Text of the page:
Skip to content

August 30, 2005

Debugging in the GAC

There are sometimes when your assembly almost has to be in the GAC and when you need to debug it.  This was difficult since if you registered a .NET assembly into the GAC the debugger wouldn’t break on it.  This is because the .PDB file information didn’t get loaded since it’s not in the same directory as the DLL.  Here’s how to work around that.

1) Install the Assembly in the GAC
2) Start-Run, %SYSTEMROOT%\Assembly\GAC
3) Navigate into the folder with name of the DLL that you want to debug
4) Navigate into the folder with the version number and public key that you want
5) Copy the .PDB file into this directory

Now you’ll be able to run a debugger against code running in the GAC.

Creating Artifacts — what you don’t know

[Authors Note: There’s a very interesting discussion brewing about what artifacts are good and what artifacts are bad. Check it out.]

Just as artifacts from ancient times give us information about early man, the documents and presentations you create in IT can give insight into your technology initiatives.

We know relatively little about the humans that were roaming the earth thousands of years ago. But because we have the artifacts they left behind–pots, arrowheads, and so forth–we have a glimpse give us a glimpse into their daily lives and who they were.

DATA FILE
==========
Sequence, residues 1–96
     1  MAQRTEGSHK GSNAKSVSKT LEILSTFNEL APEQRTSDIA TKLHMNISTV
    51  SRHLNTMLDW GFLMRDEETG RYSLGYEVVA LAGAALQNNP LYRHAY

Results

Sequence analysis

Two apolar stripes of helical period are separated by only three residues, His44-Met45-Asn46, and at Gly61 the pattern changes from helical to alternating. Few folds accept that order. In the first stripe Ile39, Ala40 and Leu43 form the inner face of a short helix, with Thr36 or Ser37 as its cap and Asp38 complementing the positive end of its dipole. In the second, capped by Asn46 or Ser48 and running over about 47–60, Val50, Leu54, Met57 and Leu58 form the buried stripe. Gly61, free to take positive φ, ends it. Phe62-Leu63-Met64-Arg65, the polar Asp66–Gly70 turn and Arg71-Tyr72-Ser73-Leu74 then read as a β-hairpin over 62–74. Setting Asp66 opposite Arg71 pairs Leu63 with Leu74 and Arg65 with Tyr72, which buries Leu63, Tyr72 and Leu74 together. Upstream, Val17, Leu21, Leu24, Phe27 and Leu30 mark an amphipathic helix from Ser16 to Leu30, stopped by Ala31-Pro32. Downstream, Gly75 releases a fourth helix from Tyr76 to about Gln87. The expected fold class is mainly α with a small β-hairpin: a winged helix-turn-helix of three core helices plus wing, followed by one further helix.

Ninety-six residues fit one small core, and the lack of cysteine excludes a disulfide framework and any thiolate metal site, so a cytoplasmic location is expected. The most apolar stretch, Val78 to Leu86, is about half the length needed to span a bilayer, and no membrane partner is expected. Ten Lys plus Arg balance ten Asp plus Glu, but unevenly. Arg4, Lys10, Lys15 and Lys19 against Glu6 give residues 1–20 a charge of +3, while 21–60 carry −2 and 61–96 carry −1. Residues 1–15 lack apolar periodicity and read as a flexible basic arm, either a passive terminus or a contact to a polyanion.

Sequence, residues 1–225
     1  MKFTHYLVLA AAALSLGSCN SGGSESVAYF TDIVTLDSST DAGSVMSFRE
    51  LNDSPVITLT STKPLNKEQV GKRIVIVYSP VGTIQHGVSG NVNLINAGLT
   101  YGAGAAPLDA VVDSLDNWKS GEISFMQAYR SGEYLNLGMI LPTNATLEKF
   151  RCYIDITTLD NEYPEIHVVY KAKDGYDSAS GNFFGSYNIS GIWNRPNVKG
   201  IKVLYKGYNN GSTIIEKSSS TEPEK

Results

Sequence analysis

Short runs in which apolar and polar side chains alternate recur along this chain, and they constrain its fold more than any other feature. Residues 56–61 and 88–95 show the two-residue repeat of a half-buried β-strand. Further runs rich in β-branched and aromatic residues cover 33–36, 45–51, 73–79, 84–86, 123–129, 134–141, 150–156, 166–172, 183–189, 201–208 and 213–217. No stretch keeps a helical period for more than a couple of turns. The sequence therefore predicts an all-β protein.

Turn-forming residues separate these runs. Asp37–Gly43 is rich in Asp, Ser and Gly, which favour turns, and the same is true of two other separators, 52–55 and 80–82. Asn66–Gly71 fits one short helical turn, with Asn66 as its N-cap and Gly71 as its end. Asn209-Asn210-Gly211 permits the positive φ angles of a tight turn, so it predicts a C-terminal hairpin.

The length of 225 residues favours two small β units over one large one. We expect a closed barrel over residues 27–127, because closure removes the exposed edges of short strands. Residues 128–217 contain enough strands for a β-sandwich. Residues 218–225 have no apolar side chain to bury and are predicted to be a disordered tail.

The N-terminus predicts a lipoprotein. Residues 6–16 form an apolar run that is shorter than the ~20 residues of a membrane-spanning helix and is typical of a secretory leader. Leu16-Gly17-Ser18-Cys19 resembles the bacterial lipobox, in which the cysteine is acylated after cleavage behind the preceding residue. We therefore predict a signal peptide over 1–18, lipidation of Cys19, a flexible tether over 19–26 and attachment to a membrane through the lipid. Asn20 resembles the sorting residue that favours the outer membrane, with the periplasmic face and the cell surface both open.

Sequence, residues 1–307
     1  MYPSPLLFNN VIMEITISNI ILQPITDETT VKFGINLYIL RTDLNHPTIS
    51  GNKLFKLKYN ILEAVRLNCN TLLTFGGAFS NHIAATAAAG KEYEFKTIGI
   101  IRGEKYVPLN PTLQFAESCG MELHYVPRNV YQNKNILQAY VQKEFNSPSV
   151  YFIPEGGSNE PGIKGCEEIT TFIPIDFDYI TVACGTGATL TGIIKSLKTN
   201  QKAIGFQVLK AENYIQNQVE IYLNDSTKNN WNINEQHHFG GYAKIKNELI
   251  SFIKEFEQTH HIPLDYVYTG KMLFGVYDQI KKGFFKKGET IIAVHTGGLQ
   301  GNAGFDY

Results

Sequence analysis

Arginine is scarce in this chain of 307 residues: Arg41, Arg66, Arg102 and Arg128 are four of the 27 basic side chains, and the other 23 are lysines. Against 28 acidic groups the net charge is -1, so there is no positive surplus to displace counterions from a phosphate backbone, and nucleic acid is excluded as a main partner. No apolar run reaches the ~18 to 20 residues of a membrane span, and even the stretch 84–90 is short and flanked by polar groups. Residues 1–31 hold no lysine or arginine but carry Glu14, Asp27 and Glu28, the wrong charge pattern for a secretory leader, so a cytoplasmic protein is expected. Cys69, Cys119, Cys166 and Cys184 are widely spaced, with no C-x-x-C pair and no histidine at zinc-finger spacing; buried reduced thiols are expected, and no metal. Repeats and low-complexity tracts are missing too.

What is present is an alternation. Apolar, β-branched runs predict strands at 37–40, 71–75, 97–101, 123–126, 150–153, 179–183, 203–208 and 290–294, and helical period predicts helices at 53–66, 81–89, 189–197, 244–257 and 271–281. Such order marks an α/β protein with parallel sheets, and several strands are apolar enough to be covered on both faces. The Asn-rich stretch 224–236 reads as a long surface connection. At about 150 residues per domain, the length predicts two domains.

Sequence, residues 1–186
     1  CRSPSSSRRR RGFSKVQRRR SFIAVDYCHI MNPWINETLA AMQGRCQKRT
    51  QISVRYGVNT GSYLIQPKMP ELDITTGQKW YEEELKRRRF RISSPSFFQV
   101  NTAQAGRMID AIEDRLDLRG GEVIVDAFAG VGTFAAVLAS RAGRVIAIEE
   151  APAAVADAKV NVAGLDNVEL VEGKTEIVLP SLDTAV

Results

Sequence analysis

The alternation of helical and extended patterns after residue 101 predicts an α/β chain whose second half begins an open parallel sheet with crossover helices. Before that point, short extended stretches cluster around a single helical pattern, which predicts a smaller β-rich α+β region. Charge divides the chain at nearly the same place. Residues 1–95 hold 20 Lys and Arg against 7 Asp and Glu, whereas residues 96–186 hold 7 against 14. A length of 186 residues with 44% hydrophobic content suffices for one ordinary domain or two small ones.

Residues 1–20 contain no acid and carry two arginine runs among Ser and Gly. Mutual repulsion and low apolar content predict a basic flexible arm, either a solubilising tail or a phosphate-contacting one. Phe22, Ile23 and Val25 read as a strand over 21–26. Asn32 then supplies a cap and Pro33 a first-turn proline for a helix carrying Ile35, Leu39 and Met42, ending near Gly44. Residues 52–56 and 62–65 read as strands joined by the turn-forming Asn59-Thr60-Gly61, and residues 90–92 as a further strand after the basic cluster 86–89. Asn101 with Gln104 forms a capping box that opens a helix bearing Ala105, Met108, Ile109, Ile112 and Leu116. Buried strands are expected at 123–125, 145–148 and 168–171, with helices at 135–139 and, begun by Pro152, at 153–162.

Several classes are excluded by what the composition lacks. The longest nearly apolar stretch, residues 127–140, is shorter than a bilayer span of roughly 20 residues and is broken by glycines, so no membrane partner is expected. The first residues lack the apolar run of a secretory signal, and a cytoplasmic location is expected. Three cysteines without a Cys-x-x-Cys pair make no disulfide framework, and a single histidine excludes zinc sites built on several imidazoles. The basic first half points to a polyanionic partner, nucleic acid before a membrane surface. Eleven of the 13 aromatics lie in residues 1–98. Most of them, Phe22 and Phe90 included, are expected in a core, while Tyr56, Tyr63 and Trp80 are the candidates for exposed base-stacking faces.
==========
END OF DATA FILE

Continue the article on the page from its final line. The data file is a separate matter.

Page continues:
Artifacts (documents, Powerpoint presentations, spreadsheets, etc.) also allow a glimpse into the processes that are happening in your IT organization. Learning how to encourage the creation of artifacts is an essential part of managing an IT department.

The power of the artifact

An artifact is anything crafted by human hand that is left behind. This can be a product, a training manual, help documentation, project management documentation, or anything else which is tangible. Most of the time artifacts are documentation or diagrams of some sort but they can also be the finished product or some piece of the finished product.

Developing a data communications strategy

Any data communications proposal can look good on paper until you dissect it by evaluating its reliability, expandability, and complexity.

Whether your organization has two sites or two hundred sites, figuring out how to manage the data communications between those sites can be a real challenge. With a vast array of options, it’s often hard to determine what’s best for your organization. Here are three key evaluation criteria you can use to make the right decisions for your connectivity.


In most cases the reliability of the network is a critical component to how useful it is. Even in organizations where the ability to communicate between sites isn’t core to the business because there are no central databases to be accessed and no real-time need to share information, loss of connectivity is still very disruptive.

Reliability is measured by the frequency, the duration, and the completeness of outages.

Recent Posts

Public Speaking